As far back as 4000 BC, the region that today comprises Cartagena was inhabited by a group of pre-Columbian tribes who were likely attracted to the region based on the warm climate and abundance of game and seafood. Spanish conquistadors were drawn to the area because of gold that the tribes crafted into jewelry and art. One of them would go on to establish Cartagena.
It’s always exciting to discover and new city, and with Medellin, you’re also likely to fall in love. Forget the clichés you might have heard about Colombia’s second largest city – gone are the days of a crime-ridden haven run by drug lords.
As recently as the 1990s Medellin was considered the most dangerous city in the world. But as Paisas – those who live in Medellin (population 2.4 million) and the surrounding area – are quick to point out, dark days are giving way to a modern metropolis where tourists are welcome. As recent visitor I felt safe in Medellin. (Tip: Colombians pronounce the city’s name as med-uh-JEEN.)
When flying overhead, the Amazon jungle looks impenetrable. Gaze upwards from the jungle floor and the light and sky are nearly obscured. But at the interstitial between top and bottom one gets a perspective of the vibrancy and vitality of the Amazon River jungle. It’s a place to see both the trees and the forest.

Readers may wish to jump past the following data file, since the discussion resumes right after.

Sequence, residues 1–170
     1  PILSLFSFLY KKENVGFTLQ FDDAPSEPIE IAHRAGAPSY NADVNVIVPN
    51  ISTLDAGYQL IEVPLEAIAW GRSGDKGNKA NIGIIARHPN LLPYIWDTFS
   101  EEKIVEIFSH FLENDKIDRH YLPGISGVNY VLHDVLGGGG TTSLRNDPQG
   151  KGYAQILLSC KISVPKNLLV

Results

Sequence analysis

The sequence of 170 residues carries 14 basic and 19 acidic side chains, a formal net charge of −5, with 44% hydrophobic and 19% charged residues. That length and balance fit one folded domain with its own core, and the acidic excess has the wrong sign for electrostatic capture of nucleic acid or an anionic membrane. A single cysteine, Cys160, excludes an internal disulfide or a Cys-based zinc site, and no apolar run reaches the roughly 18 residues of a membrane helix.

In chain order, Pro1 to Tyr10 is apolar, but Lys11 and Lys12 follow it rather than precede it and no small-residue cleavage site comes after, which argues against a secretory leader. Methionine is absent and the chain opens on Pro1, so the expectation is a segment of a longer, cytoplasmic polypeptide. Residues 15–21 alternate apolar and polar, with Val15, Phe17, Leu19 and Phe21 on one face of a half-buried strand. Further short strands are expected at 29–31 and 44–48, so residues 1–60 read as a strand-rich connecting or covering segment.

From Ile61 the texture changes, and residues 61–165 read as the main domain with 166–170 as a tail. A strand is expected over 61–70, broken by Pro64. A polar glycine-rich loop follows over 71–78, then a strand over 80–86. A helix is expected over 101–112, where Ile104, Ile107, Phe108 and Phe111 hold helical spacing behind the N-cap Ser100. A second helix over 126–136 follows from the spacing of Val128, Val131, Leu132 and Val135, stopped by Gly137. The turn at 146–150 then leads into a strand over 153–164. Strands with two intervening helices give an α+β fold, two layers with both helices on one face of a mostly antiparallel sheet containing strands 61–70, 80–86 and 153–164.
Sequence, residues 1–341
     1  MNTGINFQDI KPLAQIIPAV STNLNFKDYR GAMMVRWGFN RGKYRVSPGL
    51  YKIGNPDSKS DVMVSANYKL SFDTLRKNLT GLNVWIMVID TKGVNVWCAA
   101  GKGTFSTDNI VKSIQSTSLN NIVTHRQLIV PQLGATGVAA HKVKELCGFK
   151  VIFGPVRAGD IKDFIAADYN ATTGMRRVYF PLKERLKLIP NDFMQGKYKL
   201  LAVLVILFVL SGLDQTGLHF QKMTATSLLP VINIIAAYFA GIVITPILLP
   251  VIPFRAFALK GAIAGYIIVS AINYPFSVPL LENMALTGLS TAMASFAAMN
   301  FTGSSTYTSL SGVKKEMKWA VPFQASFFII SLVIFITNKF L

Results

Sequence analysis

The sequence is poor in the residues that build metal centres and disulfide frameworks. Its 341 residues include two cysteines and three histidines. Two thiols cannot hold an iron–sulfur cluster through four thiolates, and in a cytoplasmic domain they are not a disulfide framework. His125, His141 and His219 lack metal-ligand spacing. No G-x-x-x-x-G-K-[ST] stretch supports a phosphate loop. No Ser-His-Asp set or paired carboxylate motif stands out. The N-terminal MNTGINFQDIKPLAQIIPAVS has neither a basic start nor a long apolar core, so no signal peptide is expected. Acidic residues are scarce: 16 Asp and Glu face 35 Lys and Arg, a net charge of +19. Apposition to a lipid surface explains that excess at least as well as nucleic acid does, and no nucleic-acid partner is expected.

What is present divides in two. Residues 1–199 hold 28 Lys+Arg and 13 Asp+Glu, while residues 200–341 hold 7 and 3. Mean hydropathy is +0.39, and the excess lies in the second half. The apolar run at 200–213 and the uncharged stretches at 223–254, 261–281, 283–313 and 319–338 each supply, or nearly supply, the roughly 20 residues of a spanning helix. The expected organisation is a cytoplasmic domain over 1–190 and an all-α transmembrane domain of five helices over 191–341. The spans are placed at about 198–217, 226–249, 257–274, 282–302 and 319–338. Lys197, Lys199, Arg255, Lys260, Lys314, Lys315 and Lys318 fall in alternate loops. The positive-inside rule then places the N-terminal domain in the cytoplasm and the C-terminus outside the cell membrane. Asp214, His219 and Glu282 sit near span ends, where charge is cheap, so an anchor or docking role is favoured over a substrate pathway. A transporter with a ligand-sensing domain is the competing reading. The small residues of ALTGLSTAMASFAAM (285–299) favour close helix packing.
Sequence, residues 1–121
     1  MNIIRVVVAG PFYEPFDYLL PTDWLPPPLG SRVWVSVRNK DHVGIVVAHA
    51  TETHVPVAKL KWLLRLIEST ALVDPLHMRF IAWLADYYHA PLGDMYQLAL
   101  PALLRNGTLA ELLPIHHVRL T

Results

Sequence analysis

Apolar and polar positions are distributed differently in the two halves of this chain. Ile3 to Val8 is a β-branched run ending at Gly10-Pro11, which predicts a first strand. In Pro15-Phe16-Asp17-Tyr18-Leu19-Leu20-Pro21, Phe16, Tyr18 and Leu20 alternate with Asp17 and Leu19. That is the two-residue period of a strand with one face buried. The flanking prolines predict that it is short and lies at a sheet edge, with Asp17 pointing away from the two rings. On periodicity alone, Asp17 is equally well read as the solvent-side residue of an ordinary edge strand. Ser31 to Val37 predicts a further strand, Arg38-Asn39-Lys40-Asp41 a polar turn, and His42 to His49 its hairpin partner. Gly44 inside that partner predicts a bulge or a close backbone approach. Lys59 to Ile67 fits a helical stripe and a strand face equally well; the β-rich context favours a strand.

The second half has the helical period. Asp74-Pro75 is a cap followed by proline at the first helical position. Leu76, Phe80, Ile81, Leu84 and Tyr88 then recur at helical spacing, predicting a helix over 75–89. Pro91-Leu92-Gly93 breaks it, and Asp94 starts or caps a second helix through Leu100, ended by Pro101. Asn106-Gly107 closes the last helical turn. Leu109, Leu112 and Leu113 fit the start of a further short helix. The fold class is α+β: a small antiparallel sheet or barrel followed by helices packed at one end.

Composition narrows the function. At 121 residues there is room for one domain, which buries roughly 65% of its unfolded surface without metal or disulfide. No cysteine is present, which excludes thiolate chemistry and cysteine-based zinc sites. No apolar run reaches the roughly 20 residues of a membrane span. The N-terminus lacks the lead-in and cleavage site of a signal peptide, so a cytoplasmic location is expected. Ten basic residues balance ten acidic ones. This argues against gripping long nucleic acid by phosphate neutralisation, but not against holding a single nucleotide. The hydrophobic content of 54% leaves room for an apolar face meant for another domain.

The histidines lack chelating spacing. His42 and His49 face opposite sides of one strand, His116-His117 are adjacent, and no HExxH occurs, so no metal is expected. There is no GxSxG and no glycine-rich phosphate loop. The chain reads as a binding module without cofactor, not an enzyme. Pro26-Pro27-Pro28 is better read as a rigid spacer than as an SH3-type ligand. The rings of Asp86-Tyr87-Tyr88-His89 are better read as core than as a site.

For arboreal lovers, ambling along the top of a forest is a true delight. The longest canopy walkway in South America, which is also one of the longest in the world, is located in Peru’s Amazon jungle. The walkway is owned and maintained by Explorama Lodges, which for more than 50 years has been providing a place for visitors to spend time in the Amazon jungle. Their expert guides escort guests on hikes, excursions and even piranha fishing trips, in addition to a trip to their canopy walkway.
As time marches on some people get left behind. The Yagua, today a diaspora of fewer than 6,000 people scattered in small and remote villages along the Amazon River in Peru and Colombia, are an example of how “progress” can ravage a culture unprepared to deal with a changing world.
Yet the Yagua have a distinguished heritage and remain proud. The Amazon River was so named because early Spanish conquerors mistook the Yagua men, who wear a type of grass skirt, as women, and named the region “Amazon” after the legendary female warriors who were bitter enemies of the ancient Greeks.
Compared to every other one of the world’s great rivers, the Amazon is by far the biggest. However it’s measured, by the amount of water, size of its drainage basin, or total length, no other river comes close.